There's such an abundance of art in this world that fills my (squishy, gummy, probably blackened) heart with wanting. However, not all of it is hung out of reach on a gallery or museum's cold, foreboding wall. In fact, a lot of it is within (virtual) reach through the wonders of the interwebs.
Here's my shortlist of art I wish to own. Let the rearrangement of my apartment begin!
I've always been fascinated by hand iconography, be it religious, anatomical, roughly sketched or forgiving flesh and blood. Poodle Breath's sculpture (and cowls with big ol' buttons, and jewelry) is at the top of my wish list. I'd place a gentle feather, tinkling beads or other found objects in those waiting hands and use them as a devotional.
I'm fascinated by the universe and my place within it, so hunkering down with an interstellar art quilt riddled with white dwarfs, supernovae and black holes leaves an infinity to ponder (literally).
Justin Durand seriously rules. I love everything he produces; his Mermaids VHS piece literally made me laugh out loud. This original drawing is captioned as such: "this drawing is about being alone in pitch blackness.
and being totally still and silent.
either being scared or feeling peaceful.
not sure! both!"
I could moonily gaze into BergmansBear's rolling knolls, deep creeks and hazy expanses for, pretty much, ever. They're like portals into an alternate reality.
Luca Dipierro is a new artist on my list. His ominous, slightly carnivalesque assemblages remind me of the skeletons and ghouls from Minnie the Moocher meeting a carnivorous zombie processional in a darkened alley. His inspirations read: "Northern European Renaissance painting, Italian Mannerist etchings, the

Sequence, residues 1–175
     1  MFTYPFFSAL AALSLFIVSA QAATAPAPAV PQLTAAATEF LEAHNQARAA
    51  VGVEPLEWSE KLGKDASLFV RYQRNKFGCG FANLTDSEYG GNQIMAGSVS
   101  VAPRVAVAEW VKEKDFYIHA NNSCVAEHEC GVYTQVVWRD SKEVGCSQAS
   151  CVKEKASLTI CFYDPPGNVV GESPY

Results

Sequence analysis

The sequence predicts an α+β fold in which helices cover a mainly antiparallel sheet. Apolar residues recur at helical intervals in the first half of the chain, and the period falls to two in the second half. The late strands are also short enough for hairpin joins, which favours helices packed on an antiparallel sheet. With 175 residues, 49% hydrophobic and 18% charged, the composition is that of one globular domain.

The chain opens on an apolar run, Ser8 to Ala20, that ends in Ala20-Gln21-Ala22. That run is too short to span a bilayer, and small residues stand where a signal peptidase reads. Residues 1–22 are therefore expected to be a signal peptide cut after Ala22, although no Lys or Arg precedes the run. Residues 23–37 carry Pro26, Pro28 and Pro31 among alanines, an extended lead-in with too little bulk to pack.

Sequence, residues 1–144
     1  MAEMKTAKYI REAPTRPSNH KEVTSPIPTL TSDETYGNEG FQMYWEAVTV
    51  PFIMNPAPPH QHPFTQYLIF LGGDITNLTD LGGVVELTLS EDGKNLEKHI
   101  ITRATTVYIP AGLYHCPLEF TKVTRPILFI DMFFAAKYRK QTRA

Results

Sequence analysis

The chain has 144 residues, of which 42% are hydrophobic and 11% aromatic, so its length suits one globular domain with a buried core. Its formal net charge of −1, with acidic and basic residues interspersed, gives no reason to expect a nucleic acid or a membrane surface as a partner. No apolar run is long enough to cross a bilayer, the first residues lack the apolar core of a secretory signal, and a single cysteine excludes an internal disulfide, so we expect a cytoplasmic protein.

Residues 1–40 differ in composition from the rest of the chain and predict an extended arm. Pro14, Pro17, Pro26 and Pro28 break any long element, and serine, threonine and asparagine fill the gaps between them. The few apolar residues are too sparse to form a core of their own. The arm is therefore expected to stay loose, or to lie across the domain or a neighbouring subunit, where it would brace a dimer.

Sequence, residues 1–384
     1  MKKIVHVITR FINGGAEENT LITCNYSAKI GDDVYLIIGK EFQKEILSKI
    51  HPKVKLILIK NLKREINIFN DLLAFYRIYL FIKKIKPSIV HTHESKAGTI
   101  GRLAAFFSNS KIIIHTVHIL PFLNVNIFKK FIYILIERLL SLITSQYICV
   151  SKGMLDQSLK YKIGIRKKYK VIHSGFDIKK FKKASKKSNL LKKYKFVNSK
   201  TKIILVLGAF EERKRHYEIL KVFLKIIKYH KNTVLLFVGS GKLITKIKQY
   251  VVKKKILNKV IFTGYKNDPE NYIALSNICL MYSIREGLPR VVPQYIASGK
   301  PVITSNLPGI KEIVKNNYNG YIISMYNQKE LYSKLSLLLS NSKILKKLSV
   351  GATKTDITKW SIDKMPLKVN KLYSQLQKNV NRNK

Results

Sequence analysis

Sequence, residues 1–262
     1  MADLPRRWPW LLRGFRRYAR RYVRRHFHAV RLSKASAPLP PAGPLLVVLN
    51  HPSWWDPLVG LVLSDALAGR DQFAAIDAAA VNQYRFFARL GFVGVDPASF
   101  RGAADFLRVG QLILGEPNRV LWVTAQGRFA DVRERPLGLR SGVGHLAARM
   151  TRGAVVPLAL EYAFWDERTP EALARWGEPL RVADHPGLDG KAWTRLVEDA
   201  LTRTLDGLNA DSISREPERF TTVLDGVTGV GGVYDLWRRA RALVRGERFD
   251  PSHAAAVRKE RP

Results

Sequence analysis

cartoons of Fletcher Hanks, the work of François Rabelais, Mexican
chapbooks, early advertising, funhouses, graveyards and marionettes."
Because...who doesn't need a convenient wishbone?
The Miscreants of Tiny Town series by Alex Kuno is at once mythical, uplifting and terrifying. It's a tad raw + grisly, but I always appreciate artwork that provokes a reaction. "Sally and the Serpent" is by far the best.
Because the intersection of bivalves and pom poms is something of which I must plumb the depths. (Damn, this is cool.)
Caroline Gaedechens' work is just mind-blowing. The spareness of her linework and the simplicity of her subject matter is ethereal, tenuous and ridiculously up my alley. I own many prints of Caroline's work and would love to own this diminutive book of illustrations, entitled "13 Dreams."
This decrepit antique horse reminds me of something from a Chinese emperor's tomb. I would gladly give it a new home in which to gallop.